The fourth objective, mitigating and adapting to climate change, has established itself as the global challenge of this generation. Within the Long Term Greenhouse Gas Emission Reductions Strategy, a sustainable and circular bioeconomy is key to achieve a greenhouse gas neutral Europe. Furthermore, a sustainable bioeconomy has large potential to reduce greenhouse gases emissions by promoting more resource efficient, active and sustainable primary production practices on land and sea, as well as by enhancing the capacity of ecosystems to regulate climate, for instance through the deployment of carbon farming innovations.

The fifth objective, strengthening European competitiveness and creating jobs, is a core policy objective of the bioeconomy. Providing frameworks for developing and deploying innovations and fostering the development of markets for bio-based products, e.g. through public procurement, 33 creation of standards, renewable energy policies and carbon pricing, will support the global competitiveness and transformation of European industries.5 The bioeconomy offers important opportunities for new jobs regional economic development and improved territorial cohesion, also in remote or peripheral areas. It has the potential to provide an important source of income diversification for farmers, foresters and fishermen, and to boost local rural economies through increased investment in skills, knowledge, innovation and new business models, as recommended in the 2016 Cork 2.0 declaration. 34

 

4.    Actions leading the way towards a sustainable, circular bioeconomy

To support the five objectives in the context of evolved policy priorities, this updated strategy proposes three main action areas:

1.strengthen and scale-up the bio-based sectors, unlock investments and markets

2.deploy local bioeconomies rapidly across Europe;

3.understand the ecological boundaries of the bioeconomy.

The proposed actions capitalise on and go beyond previous successful Research and Innovation investments. The action plan applies a systems-approach in order to develop and scale up the bioeconomy and ensure its overall sustainability and circularity. It embraces multiple sectors and policies related to the bioeconomy, interlinks them, facilitates coherence and synergies, addresses trade-offs such as competing use of biomass, and provides a blueprint that will help the Union to develop the potential of bioeconomy and use it to effectively deliver on many of its policy objectives. The actions will be implemented within the existing international context of the International Bioeconomy Forum 35  and the Global Bioeconomy Summit 36 to foster synergies with like-minded actions by partners.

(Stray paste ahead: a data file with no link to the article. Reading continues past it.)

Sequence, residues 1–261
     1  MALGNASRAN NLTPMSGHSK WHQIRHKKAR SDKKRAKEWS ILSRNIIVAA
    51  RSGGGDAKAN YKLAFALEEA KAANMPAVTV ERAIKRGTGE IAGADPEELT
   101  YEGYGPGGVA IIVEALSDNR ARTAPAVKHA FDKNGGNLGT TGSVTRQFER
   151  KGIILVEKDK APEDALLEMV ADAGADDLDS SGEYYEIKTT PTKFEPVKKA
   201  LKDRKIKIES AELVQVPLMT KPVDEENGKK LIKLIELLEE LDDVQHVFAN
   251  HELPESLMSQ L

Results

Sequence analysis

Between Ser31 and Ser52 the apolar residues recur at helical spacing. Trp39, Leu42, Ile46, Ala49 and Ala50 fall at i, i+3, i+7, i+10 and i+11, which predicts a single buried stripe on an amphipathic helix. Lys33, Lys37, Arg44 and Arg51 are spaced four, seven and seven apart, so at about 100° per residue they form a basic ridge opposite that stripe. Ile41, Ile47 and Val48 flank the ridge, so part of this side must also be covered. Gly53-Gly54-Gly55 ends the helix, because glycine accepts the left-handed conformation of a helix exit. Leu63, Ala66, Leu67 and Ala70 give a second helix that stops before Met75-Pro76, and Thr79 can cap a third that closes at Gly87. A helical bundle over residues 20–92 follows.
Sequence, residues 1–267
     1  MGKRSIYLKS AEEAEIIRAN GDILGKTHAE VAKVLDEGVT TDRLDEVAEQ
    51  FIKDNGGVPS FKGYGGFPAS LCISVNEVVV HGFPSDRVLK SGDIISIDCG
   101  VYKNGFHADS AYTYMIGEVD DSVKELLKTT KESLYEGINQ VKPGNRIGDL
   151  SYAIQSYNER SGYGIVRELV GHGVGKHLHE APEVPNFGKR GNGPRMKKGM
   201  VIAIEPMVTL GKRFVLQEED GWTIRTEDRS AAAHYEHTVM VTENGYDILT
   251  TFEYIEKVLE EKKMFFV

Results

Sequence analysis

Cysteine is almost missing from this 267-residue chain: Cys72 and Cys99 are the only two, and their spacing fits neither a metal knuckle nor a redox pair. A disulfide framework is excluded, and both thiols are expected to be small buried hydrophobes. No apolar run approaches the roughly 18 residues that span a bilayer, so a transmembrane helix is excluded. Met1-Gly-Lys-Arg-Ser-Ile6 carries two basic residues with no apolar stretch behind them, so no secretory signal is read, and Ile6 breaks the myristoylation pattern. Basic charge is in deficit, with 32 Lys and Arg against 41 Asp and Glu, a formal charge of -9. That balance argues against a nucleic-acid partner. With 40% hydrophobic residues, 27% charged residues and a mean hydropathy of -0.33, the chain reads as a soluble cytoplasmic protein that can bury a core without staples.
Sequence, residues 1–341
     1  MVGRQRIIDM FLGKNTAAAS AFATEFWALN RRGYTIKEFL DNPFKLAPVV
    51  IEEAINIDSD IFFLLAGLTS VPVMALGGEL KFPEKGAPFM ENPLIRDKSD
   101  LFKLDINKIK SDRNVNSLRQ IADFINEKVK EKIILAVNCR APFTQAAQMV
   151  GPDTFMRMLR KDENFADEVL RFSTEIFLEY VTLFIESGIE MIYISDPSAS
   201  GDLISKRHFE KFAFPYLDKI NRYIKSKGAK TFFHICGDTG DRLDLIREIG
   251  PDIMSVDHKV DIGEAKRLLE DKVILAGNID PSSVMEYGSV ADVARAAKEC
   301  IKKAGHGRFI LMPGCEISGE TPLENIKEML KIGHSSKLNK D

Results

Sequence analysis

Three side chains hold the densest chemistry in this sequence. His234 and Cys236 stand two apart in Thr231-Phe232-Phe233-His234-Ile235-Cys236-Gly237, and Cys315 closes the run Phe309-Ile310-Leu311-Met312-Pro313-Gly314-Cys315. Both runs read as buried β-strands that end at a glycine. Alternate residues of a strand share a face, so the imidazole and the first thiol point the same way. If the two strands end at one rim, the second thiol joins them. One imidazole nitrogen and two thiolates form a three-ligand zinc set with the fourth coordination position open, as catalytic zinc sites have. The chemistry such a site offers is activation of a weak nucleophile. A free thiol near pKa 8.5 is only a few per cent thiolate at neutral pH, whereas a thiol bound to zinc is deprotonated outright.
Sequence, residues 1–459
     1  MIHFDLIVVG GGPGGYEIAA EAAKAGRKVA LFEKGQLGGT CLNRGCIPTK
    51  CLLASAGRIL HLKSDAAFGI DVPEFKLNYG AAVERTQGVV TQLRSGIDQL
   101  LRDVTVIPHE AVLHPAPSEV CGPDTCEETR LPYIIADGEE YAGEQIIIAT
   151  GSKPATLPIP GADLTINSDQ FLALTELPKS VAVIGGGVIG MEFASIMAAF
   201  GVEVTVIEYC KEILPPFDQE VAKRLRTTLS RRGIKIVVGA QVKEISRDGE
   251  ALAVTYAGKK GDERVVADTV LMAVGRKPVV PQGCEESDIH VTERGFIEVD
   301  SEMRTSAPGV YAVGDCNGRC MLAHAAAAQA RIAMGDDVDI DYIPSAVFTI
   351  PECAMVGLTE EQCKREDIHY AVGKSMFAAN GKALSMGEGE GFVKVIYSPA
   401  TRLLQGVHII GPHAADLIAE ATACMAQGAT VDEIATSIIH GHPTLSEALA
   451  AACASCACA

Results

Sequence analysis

4.1 Strengthen and scale-up the bio-based sectors, unlock investments and markets

To accelerate the development and deployment of sustainable and circular bio-based solutions, on which the modernisation, strengthening and competitiveness of our industrial base depend, the EU will intensify the mobilisation of public and private stakeholders, in research, demonstration and deployment of bio-based solutions (Action 1.1). This includes, for example, the promotion of technologies such as artificial intelligence and innovative solutions that are suitable for small scale deployment and easy to replicate. Under Horizon 2020, the EU public-private partnership on Bio-Based Industries has been instrumental in the development and deployment of new bio-based value chains, based on the use of renewable resources including waste. 37 This action will result in the development of a tool-box of solutions to process biomass into bio-based products that will support the modernisation and the renewal of our industries in a number of areas.

In addition to research and innovation grants under Horizon 2020, the EU will deploy a targeted financial instrument - the EUR 100 million Circular Bioeconomy Thematic Investment Platform 38  (Action 1.2) - to de-risk private investments in sustainable solutions. This will build on and reinforce synergies with on-going and future EU initiatives, such as the Capital Markets Union, the InvestEU Programme, the Common Agricultural Policy and the ETS Innovation Fund.